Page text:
Additives aren’t new. In fact, they’re present inside each and every container of oil you carry in your store. When it comes to diesel-fuel additives, they have a simple job to do: Help the diesel fuel to resist the effects of the cold weather. Fuel treatments help to reduce fuel gelling by encapsulating and dispersing those waxy crystals as they’re formed. When done right, this can prevent them from growing large enough to clog any of the components in the fuel system. The fuel is then able to flow more easily through the fuel filters and lines and into the combustion chamber where it can be burned.
      Some fuel treatments will contain some or all of the following additives. Lubricity additives help to protect diesel-fuel systems from internal wear. Lubricity additives help the fuel to form a boundary layer of lubrication between the metallic parts inside the fuel system. This film helps to reduce friction between the metal surfaces, and the wear and tear on them. This can extend the life of those components and reduce downtime in the future. Cetane boosters increase the flammability of the diesel fuel, and this allows for a cleaner-burning diesel engine.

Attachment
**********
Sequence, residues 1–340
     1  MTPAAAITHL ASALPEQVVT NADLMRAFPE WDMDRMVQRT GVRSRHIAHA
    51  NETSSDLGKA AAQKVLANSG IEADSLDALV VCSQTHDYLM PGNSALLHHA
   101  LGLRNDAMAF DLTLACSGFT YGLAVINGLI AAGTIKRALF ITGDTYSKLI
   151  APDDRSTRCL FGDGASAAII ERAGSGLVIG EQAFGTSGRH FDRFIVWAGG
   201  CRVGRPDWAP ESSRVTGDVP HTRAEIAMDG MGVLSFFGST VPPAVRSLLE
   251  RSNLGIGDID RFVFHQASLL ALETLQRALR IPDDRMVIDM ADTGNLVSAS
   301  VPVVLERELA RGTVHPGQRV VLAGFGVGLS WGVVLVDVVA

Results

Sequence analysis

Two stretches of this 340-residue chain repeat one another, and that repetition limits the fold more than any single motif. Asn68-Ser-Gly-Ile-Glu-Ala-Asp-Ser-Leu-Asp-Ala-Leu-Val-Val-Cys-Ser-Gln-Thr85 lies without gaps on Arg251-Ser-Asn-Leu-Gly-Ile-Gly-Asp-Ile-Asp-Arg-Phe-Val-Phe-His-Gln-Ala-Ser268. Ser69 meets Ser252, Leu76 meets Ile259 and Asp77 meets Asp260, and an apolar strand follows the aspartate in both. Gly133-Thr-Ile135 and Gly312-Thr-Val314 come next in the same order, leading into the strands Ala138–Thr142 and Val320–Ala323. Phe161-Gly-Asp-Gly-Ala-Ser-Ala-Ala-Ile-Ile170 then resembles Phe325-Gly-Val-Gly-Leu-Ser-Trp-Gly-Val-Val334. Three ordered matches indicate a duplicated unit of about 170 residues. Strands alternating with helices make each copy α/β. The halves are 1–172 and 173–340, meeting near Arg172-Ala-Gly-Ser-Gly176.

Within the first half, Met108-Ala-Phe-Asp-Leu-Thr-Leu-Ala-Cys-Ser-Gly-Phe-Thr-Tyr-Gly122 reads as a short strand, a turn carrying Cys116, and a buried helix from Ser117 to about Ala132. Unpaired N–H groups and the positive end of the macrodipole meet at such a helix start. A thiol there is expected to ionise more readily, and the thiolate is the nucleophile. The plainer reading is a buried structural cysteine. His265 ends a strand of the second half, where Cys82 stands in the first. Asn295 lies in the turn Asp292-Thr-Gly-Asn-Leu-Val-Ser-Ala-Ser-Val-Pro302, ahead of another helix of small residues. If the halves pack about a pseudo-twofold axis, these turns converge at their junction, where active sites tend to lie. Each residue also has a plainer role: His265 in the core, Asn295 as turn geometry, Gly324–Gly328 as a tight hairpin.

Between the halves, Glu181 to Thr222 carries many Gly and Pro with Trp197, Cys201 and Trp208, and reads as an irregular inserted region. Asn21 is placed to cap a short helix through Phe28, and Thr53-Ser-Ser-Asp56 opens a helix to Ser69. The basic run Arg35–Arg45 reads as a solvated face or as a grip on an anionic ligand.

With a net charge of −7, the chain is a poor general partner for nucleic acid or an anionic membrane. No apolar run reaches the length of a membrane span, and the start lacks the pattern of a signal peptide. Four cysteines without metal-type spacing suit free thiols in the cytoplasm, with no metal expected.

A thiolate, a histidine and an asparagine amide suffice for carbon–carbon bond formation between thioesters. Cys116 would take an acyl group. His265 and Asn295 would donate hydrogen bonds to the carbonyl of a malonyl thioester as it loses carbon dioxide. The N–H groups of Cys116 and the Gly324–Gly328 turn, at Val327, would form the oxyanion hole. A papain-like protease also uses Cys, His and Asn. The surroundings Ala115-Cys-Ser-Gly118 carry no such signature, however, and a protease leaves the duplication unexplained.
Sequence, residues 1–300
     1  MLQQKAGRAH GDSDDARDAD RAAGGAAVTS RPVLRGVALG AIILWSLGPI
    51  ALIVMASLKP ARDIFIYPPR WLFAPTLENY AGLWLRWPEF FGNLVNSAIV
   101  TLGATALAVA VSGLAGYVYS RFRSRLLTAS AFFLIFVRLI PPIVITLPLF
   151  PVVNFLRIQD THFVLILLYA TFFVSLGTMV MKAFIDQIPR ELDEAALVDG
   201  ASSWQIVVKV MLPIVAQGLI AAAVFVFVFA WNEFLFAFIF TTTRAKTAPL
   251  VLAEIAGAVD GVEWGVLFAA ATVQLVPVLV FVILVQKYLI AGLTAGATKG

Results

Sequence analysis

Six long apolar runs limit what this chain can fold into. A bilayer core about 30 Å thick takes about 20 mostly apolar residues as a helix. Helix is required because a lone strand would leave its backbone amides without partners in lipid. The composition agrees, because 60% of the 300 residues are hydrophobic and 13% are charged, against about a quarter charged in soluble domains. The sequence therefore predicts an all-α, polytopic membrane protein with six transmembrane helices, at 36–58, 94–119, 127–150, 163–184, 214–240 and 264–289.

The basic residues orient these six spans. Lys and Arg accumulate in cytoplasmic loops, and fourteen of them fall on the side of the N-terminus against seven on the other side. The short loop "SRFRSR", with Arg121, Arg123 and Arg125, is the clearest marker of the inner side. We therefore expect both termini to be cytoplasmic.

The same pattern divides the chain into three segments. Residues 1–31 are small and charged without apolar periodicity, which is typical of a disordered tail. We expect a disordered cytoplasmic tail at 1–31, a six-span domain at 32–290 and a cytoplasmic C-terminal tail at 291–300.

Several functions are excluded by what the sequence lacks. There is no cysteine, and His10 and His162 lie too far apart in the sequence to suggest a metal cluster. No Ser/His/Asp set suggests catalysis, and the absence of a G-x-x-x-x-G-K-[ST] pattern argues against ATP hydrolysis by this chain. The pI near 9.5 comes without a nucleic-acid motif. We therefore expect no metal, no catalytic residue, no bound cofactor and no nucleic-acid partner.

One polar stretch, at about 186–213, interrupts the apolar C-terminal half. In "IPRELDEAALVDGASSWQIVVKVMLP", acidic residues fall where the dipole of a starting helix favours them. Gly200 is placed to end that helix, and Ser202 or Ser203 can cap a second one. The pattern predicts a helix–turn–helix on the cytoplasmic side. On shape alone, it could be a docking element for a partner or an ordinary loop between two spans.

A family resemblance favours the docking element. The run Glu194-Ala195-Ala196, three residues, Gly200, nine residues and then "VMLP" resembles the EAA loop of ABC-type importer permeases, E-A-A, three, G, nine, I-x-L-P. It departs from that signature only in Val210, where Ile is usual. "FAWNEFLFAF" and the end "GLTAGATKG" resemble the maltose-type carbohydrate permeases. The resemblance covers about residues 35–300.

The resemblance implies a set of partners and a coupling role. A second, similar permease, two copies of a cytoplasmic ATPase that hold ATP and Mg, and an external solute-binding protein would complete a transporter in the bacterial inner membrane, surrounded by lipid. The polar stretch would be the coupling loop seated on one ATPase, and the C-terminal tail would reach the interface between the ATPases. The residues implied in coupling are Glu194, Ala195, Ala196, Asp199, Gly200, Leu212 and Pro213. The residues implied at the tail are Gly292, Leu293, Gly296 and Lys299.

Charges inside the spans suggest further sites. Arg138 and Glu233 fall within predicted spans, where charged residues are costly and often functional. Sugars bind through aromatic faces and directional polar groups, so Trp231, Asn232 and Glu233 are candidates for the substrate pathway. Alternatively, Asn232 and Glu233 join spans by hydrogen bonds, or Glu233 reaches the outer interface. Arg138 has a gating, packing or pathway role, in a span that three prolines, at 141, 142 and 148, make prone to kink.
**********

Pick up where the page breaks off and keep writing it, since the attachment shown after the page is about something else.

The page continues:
What Should You Tell Your Customers?
      To most customers, fuel treatments can be thought of as just another routine maintenance item. Most fuel treatments will need to be poured into the fuel tank at each fill-up, but it’s best practice to always reference the usage guidelines from the manufacturer.
      If you need help to overcome a cost objection, I wouldn’t suggest trying to scare them with the cost of potential breakdowns or repairs down the road. In my eyes, fuel treatments are simply a “peace-of-mind” sort of sale. Their job is simple, and their objectives are clear. So, if we place ourselves into the customer’s shoes, the benefit they have to offer is the peace of mind that their diesel engine will continue to operate without issue throughout the colder winter months. While it’s true that they can reduce the risk of costly repairs or breakdowns later on, I wouldn’t lead with that thought.
      The need for diesel-fuel treatment products will definitely spike as the temperatures start to dip. So, I would invite you to take a few moments to read the labels on the products you carry in your store, and familiarize yourself with what separates one from the next. Then, you’ll be ready to help your customers find the right product for their diesel-powered vehicle.
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    • By Counterman